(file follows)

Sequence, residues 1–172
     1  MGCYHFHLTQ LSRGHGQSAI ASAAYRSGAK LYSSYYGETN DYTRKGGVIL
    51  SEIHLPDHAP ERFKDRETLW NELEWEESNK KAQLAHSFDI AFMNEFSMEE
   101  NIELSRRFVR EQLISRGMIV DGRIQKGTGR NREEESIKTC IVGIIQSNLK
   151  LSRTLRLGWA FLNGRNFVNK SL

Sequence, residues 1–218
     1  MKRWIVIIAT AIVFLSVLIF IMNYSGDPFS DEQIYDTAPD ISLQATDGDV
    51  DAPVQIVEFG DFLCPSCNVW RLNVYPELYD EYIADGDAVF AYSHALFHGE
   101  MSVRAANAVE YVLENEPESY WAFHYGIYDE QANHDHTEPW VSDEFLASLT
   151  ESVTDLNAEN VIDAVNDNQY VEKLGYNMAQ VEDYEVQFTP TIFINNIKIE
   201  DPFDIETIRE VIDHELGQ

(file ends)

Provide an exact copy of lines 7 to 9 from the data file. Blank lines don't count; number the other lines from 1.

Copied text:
     1  MKRWIVIIAT AIVFLSVLIF IMNYSGDPFS DEQIYDTAPD ISLQATDGDV
    51  DAPVQIVEFG DFLCPSCNVW RLNVYPELYD EYIADGDAVF AYSHALFHGE
   101  MSVRAANAVE YVLENEPESY WAFHYGIYDE QANHDHTEPW VSDEFLASLT